"He rubs off on me. He makes me happy. He starts … swagging ... or something ... and it gets me going." - Mike D'Antoni about Nick Young

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D.J. Haley - C, 7'0, 250
Retired - Retired after 2014 season
       Date of birth: 05/24/1992
       Country: USA
     Drafted (NBA): Undrafted, 2014
     Out of: USC
  NBA Experience: 0 years
  Hand: Right

When: Where:
2010 - 2013 VCU (NCAA)
2013 - 2014 USC (NCAA)
From blog:

   Wildly Unnecessarily Lengthy 2014 NBA Draft Board, Part 1: NCAA Centres

Haley's wingspan measurement must account for the fact he has three arms.

D.J. Haley, USC, Senior, 7'0 250lbs

2013/14 stats: 15.9 mpg, 3.4 ppg, 3.5 rpg, 0.6 bpg, 0.2 apg, 0.1 spg, 2.5 fpg, 0.4 TOpg, 60.0% FG, 42.9% FT

As much as USC struggled this year, they did have two seven footers between the aforementioned Omar Oraby and VCU transfer Haley. It was a limited duo, however, especially Haley, whose size is rather undermined by an asthma condition that limits his stamina to the point he operates in about four minute stretches.

In those four minute stretches, Haley's job is to be big and get in the way. Slow to the point of being largely immobile, unathletic to the point of not even being that sure of a dunker, and with not even all that strong of a base, Haley is nonetheless a very big player whose job it is to get in the way. He is quite good at this, a willing (if not always entirely legal) screener and a player always willing to stop up in the lane to clog it with a little bit of a shotblocking presence to boot. Haley is an obstacle, which is something half of this could stand to emulate.

Haley is also, however, largely unskilled. With bad hands, no range, no passing vision and one of the worst free throw strokes around, Haley contributes little on the offensive end, and, due to inconsistent boxing out, is not even that good of a rebounder either. He keeps turnovers low, but mainly because he never touches it outside of the occasional pick and roll play. When asked to create in the post, Haley is generally an upcoming turnover. And there is no jumpshot range to speak of.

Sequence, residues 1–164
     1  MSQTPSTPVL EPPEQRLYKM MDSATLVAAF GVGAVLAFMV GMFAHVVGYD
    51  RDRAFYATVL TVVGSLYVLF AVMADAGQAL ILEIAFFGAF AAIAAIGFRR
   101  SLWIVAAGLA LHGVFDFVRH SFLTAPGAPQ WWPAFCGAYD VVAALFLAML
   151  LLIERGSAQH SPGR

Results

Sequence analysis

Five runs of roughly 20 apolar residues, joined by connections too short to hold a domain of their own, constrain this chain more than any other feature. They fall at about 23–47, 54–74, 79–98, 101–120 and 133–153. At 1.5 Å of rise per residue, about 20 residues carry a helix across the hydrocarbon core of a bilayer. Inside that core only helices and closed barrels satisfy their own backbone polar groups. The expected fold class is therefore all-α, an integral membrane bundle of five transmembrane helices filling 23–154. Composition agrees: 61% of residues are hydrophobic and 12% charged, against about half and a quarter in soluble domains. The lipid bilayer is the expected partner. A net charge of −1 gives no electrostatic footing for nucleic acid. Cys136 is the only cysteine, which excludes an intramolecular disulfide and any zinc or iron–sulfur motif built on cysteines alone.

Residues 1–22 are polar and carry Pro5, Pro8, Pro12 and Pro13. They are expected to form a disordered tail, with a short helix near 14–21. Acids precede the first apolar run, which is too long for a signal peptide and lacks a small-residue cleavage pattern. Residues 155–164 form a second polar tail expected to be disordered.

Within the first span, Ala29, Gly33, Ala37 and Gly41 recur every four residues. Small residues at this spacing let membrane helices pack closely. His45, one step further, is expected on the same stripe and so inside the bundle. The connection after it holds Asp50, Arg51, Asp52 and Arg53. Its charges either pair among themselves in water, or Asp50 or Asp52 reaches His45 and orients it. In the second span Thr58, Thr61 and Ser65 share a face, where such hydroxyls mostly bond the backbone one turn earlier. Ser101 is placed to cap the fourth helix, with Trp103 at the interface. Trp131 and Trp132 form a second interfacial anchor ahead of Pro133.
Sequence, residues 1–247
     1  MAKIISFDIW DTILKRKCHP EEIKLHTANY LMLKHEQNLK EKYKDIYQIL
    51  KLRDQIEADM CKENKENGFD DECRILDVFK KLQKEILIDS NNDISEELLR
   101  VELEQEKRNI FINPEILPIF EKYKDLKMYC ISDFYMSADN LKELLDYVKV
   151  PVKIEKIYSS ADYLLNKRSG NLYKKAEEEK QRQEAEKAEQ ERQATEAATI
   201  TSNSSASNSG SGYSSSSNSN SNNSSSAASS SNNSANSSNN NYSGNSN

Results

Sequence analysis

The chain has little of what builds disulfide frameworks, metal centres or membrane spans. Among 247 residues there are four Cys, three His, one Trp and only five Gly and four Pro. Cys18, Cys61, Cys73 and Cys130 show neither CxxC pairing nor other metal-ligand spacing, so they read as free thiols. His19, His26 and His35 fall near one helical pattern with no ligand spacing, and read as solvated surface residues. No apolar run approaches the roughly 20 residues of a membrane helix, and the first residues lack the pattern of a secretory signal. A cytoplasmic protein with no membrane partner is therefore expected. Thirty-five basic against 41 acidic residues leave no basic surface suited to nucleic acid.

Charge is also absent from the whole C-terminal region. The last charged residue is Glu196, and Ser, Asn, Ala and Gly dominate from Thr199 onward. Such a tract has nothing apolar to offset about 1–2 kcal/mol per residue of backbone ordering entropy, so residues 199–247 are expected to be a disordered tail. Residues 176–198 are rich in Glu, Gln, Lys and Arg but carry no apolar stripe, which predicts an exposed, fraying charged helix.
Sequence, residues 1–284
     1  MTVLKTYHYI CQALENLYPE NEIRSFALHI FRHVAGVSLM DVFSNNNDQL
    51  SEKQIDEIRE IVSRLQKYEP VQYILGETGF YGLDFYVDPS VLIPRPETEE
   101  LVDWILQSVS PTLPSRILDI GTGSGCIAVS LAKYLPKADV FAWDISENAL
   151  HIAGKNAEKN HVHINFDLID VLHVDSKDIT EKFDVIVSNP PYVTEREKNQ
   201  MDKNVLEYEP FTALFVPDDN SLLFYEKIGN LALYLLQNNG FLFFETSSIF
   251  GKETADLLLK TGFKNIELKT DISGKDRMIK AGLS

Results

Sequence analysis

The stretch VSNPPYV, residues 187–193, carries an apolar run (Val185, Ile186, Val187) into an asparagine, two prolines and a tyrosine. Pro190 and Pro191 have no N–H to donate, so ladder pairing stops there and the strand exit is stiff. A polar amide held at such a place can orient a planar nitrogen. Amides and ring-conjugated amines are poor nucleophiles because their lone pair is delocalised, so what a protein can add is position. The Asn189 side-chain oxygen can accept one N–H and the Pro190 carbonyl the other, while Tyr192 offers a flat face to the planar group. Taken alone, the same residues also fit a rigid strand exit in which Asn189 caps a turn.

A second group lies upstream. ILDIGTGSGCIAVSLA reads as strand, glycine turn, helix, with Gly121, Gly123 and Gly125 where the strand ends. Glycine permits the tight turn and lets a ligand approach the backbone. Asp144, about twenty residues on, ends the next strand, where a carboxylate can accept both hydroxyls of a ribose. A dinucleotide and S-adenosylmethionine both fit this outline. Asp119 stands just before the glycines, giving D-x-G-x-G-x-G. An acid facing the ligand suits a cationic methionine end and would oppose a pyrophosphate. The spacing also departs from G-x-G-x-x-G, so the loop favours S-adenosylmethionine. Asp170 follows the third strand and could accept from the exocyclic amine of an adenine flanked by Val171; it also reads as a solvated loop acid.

For a few minutes, then, you will get a defensive presence that ultimately isn't as fearsome as it looks. And yet just like Riley above, this has value.

[read full post]

   An Unnecessarily Exhaustive Guide To The 2010/11 NCAA Tournament, Part 1: Southwestern Region

[...] Most of the ball handling is done by 5'10 senior Joey Rodriguez, who ranks 58th in the country with 4.8 assists per game, with a decent 2.1:1 assist/turnover ratio. Working on Rodriguez's favour there is that missed shots don't count as turnovers - a decent three point shooter, Rodriguez undermines that with occasionally terrible shot selection, and, due to his lack of size, he is little threat inside of the arc save for an inefficient floater. Nevertheless, he moves the ball and runs a good pick-and-roll game, has good hands and energy on the defensive end, serving as the team's unquestioned, hugely confident, perhaps over-confident leader. Alongside him, 6'2 guards Brandon Rozzell (senior) and Rob Brandenberg (freshman) do most of the jumpshooting, while sophomore backup point guard Darris Theus (not related to Reggie) can push the tempo, although he can't make a shot himself. VCU are also integrating two freshman big men, 6'9 athlete Juvonte Reddic and 7'0 D.J. Haley, both athletic for their size yet also both very raw at this juncture.

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Note: Non-US teams that the player has played for are, unless stated otherwise, from the top division in that nation. If a league or division name is expressly stated, it's not the top division. The only exceptions to this are the rare occasions where no one league is said to be above the other, such as with the JBL/BJ League split in Japan.

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